boom sprayer

Lightweight boom sprayer prevents compacting wet soil

The successful farmer is one that can do the right thing at the right time. But this gets complicated when you need to spray fields that are too wet to handle a tractor with a boom sprayer.

For some large commercial farmers the answer is to rent an aeroplane or helicopter to spray the lands.
To prevent this, Mr. Dirk Lesch from the Western Cape in South Africa, built a lightweight boom sprayer with which he could spray his fields and vineyards with herbicide and fungicides in wet conditions, saving his soil and money. The sprayer is drawn by a quad bike.

“The grain sprayer and quad bike is much lighter than a tractor so you don’t have the same problems with compacting the soil that you get when you drive a tractor through wet fields,” he says.

The implement isn’t that different from a traditional grain sprayer that is drawn by a tractor. The cross bar of 10 m has a double frame with nozzles that sit about 500 mm from another. The double frame is to strengthen the hinges, and there are Volkswagen Golf wheels either side of the framework to balance it.

The implement has a tank of 200 L. “You can’t really use a bigger one, since that would make it too heavy for the quad bike,” says Dirk.

Mr. Dirk Lesch’s custom built sprayer and quad bike is lighter than a tractor and doesn’t cause compaction. The sprayer folds so that it is easier to transport and store.

The numbers

Dirk built the sprayer back in 2009 for about ZMK 6900. He bought the metal at a scrap yard and the engine, pump and tank he bought new. The sprayer is oiled annually, the engine is serviced and the nozzles are replaced every second year.

At the moment the cost of using the quad bike and sprayer amounts to about ZMK 15 per hectare. If he had to rent a plane, it would cost him ZMK 75 per hectare. There are farmers who need to use planes twice. That means that Lesch saves about ZMK 30 000 per year when he avoids using a plane for his 200 hectare land.

This is how it works

Corrugated ‘saucers’ are used either side of the sprayer to cause it to push away should it bump into anything. The saucers are about 1,5 m from the framework.

Dirk says this bar can be made wider if you’d like a wider sprayer, but it would make the hinges weaker. Then you’ll need something stronger for a breakaway-action. The sprayer is equipped with a Imovilli-pump which is responsible for the spraying. A Honda petrol engine of about 4 kW moves it forward in the same manner that a power take-off (PTO) would do if a tractor was used (picture below).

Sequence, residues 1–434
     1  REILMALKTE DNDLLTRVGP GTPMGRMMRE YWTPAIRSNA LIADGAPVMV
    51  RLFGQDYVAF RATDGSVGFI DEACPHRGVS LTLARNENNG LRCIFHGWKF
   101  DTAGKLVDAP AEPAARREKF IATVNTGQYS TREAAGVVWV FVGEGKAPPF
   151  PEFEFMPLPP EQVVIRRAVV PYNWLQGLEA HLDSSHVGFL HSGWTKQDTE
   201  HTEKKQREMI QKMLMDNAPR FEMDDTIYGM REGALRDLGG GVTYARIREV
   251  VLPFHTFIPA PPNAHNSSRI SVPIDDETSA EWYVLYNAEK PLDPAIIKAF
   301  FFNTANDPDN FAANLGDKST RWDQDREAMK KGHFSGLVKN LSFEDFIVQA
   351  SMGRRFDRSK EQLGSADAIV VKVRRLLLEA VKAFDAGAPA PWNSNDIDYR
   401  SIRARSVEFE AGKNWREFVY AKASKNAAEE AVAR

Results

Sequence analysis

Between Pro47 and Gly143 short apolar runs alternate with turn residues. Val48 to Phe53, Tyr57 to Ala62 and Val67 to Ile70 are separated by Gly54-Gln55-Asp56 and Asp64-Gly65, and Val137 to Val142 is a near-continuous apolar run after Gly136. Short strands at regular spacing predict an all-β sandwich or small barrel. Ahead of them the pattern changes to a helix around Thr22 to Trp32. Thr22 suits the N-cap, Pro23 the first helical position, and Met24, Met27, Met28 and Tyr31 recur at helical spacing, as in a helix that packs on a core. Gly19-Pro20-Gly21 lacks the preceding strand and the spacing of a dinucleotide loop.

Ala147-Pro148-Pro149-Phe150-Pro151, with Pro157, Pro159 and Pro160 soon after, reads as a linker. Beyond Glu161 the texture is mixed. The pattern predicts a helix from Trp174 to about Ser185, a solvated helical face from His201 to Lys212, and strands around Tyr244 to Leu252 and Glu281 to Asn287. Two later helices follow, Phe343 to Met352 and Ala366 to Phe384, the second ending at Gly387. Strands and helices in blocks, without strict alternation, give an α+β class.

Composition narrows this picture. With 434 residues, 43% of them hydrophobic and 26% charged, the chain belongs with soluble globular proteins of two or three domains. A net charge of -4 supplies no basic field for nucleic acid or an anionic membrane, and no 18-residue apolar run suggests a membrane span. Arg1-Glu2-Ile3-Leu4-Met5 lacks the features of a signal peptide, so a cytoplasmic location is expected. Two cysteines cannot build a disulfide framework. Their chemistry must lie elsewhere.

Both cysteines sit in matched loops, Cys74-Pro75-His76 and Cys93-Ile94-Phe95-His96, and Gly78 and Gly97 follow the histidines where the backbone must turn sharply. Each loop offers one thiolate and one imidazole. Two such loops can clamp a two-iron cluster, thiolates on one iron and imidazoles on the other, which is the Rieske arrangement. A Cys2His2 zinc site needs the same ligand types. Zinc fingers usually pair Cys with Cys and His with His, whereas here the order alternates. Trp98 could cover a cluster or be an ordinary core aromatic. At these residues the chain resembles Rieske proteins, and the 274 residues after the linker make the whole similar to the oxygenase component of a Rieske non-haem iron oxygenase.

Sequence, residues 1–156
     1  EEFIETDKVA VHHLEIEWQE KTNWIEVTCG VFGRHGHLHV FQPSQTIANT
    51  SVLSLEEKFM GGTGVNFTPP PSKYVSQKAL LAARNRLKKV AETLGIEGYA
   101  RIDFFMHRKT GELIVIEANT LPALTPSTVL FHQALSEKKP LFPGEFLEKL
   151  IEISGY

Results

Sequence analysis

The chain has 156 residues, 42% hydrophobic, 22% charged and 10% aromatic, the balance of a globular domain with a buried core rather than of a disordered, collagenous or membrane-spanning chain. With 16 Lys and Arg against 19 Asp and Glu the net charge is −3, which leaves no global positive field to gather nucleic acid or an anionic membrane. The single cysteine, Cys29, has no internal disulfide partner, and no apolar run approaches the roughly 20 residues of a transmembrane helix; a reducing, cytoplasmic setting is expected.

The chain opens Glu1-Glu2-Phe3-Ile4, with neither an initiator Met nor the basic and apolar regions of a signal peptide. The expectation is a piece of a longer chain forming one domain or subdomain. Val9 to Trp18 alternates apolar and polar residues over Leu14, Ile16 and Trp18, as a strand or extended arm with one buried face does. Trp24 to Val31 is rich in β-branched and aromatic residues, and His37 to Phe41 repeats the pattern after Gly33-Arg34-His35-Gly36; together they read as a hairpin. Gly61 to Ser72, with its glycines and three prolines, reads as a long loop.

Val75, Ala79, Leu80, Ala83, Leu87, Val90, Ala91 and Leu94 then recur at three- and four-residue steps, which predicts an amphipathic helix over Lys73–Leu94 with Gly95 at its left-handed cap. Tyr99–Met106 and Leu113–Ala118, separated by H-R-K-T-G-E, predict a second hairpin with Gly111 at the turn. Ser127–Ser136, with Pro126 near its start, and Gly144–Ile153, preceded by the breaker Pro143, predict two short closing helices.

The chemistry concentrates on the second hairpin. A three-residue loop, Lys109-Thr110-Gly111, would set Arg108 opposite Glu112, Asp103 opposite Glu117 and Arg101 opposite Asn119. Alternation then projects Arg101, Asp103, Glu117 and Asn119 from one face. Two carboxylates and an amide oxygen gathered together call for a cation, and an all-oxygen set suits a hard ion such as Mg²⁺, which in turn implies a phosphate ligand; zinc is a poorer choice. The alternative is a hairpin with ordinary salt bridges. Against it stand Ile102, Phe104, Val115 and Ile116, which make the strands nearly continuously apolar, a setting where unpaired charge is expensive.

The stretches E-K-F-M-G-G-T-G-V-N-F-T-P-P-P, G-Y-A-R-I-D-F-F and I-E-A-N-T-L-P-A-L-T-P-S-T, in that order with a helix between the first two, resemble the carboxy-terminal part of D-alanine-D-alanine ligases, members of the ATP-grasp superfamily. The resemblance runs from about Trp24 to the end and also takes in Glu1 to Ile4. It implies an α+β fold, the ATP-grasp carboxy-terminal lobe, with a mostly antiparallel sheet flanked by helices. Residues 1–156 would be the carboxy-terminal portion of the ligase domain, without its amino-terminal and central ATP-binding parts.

The engine and the Imovilli-pump are connected to a gearbox to keep the speed of the engine in line with that of the pump (picture below). “The engine moves at 2 000 r/min to 2 500 r/min, while the pump’s maximum is about 750 r/min,” says Dirk.

A Bertoline flow control system is used to control the sprayer. The control panel sits right behind the quad bike so that it can easily be adjusted. The frame is divided into three – the left, the middle and the right – and valve levers that feed to each of these parts can be opened and closed from the control panel (picture below).

The nozzles spray at 110 kPa to get flow up to about 50 l per hectare. At the moment Dirk can spray about 4 hectares with one tank (picture below).

The framework on which the engine, pump and tank is built, is only 2,5 m wide in order to be able to use the device in vineyards as well. The load is carried by two 15 inch pickup truck tyres that sit about 2 m from another. All the wheels are on springs to minimise bouncing during the spraying process.

Mudguards were attached to the back of the bike to prevent mud splatters onto the. Dirk uses an EZ Guide 250 to monitor the spraying process. It uses satellite technology and shows exactly where the spraying has been done.

Contact: Mr. Dirk Lesch, whatsapp + 2783 655 8274

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